Quantcast
Environmental News for a Healthier Planet and Life

Help Support EcoWatch

'The Window of Opportunity for Action Is Almost Closed': UN Report Shows Record Levels of Climate-Changing Gases

Climate
A freeway and a factory emitting smoke in Newark, New Jersey. Kena Betancur / VIEWpress / Corbis via Getty Images

The atmospheric concentrations of the three gases most responsible for climate change reached record highs in 2017, the most recent annual Greenhouse Gas Bulletin released Thursday from the UN's World Meteorological Organization (WMO) found.

The concentration of carbon dioxide in the atmosphere is now at 405.5 parts per million (ppm), or 146 percent of pre-1750 levels. The concentration of methane is now at around 1,859 parts per billion (ppb), around 257 percent of pre-industrial levels, and the concentration of nitrous oxide reached about 329.9 ppb, or 122 percent of pre-industrial levels.


"The last time the Earth experienced a comparable concentration of CO2 was three to five million years ago, when the temperature was two to three degrees Celsius warmer and sea level was 10-20 meters (approximately 32.8 to 65.6 feet) higher than now," WMO Secretary General Petteri Taalas said, as The Guardian reported. "The science is clear. Without rapid cuts in CO2 and other greenhouse gases, climate change will have increasingly destructive and irreversible impacts on life on Earth. The window of opportunity for action is almost closed."

The new findings add to the growing number of reports supporting urgent action to curb climate change. A little over a month ago, the UN's Intergovernmental Panel on Climate Change (IPCC) found that policy makers must reduce greenhouse gas emissions by 45 percent of 2010 levels within 12 years to limit warming to 1.5 degrees Celsius above pre-industrial levels.

"The new IPCC Special Report on Global Warming of 1.5 [degrees Celsius] shows that deep and rapid reductions of emissions of carbon dioxide and other greenhouse gases will be needed in all sectors of society and the economy," IPCC Chair Hoesung Lee told BBC News. "The WMO greenhouse gas bulletin, showing a continuing rising trend in concentrations of greenhouse gases, underlines just how urgent these emissions reductions are."

This month's Greenhouse Gas Bulletin did find that carbon dioxide and methane levels had increased less between 2016 and 2017 than between 2015 and 2016, but were roughly equal to the average increase over the past decade. Further, the reduction in the increase of carbon dioxide last year wasn't because of any change in energy policy. Instead, it was because the El Niño event that peaked in 2015 and 2016 caused drought in some regions, which meant vegetation in those areas absorbed less carbon dioxide from the atmosphere, BBC News explained. That effect was reduced during the 2016 to 2017 period.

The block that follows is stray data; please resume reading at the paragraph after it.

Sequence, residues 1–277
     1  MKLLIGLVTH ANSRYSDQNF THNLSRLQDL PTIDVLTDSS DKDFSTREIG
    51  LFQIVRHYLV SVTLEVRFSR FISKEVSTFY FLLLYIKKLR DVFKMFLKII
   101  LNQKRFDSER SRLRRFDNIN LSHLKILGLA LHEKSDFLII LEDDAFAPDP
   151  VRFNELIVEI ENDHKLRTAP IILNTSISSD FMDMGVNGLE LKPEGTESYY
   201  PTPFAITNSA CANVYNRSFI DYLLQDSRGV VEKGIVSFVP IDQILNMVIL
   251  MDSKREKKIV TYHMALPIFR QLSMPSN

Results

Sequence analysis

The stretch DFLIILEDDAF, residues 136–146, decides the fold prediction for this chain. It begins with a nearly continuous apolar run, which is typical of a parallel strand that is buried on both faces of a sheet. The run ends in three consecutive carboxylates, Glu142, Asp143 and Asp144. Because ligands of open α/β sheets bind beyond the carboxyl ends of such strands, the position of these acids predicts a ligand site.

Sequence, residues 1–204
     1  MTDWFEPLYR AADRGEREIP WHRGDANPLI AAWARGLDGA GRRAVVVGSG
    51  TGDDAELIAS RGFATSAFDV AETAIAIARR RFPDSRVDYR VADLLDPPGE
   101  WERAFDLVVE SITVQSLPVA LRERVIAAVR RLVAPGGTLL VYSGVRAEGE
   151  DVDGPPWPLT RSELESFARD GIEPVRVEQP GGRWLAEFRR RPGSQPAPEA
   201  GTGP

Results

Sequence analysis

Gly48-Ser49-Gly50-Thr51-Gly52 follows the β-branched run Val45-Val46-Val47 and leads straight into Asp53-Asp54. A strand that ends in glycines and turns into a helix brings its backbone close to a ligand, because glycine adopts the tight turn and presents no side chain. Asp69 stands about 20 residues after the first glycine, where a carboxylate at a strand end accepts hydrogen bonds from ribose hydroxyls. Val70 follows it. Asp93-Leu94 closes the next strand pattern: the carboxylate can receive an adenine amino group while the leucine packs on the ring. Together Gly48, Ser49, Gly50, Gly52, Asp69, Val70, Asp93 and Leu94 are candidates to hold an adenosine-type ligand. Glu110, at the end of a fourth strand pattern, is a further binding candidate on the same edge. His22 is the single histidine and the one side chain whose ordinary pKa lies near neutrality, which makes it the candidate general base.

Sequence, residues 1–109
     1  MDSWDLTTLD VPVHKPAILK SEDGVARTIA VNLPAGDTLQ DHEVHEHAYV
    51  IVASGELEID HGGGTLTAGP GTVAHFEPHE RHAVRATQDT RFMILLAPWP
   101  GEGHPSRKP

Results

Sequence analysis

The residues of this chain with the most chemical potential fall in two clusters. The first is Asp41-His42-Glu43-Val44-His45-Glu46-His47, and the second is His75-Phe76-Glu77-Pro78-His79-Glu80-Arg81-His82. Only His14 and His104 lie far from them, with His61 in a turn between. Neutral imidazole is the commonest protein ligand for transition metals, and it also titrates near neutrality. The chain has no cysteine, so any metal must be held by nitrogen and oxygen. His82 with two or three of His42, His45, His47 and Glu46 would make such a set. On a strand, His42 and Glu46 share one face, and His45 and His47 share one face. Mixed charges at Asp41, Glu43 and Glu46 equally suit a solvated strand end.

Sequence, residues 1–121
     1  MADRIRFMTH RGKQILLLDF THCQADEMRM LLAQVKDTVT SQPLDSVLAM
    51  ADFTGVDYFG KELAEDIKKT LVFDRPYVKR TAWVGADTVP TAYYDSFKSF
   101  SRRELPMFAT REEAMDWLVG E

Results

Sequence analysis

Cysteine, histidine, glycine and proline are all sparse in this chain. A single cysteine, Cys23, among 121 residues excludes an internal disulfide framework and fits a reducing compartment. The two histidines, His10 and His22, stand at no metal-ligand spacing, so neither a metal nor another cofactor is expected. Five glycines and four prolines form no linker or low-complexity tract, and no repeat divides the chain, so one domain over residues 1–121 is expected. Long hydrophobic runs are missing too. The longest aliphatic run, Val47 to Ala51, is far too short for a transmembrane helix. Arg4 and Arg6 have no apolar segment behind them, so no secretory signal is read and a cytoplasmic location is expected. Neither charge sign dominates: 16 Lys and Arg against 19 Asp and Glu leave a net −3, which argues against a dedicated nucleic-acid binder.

"I am very concerned that the three greenhouse gases most responsible for climate change (CO2, methane, and nitrous oxide) are all rising upwards unabated," professor Corinne Le Quéré from the University of East Anglia told BBC News. "CO2 concentrations are now well above 400ppm—levels were 321ppm when I was born, that is a big rise in a human lifetime!"

When it comes to nitrous oxide, a greenhouse gas that also weakens the ozone layer, its levels actually increased from 2016 to 2017 compared with 2015 to 2016. About 40 percent of it enters the atmosphere through human activities like fertilizer use, soil degradation and industry. The report also marked the surprise decline in the decrease of CFC-11, a greenhouse gas that also weakens the ozone layer. It was supposed to be banned by the 1987 Montreal Protocol, but reports have sourced new emissions of the gas to some factories in China.

World leaders will have a chance to act on the findings of this bulletin, as well as the most recent IPCC report, when they meet in a little over a week to discuss ramping up their commitments under the Paris agreement at the 24th Conference of the Parties to the United Nations Framework Convention on Climate Change (COP24) in Katowice, Poland.

UN framework convention on climate change (UNFCCC) head Patricia Espinosa explained to The Guardian that the world was at a crossroads: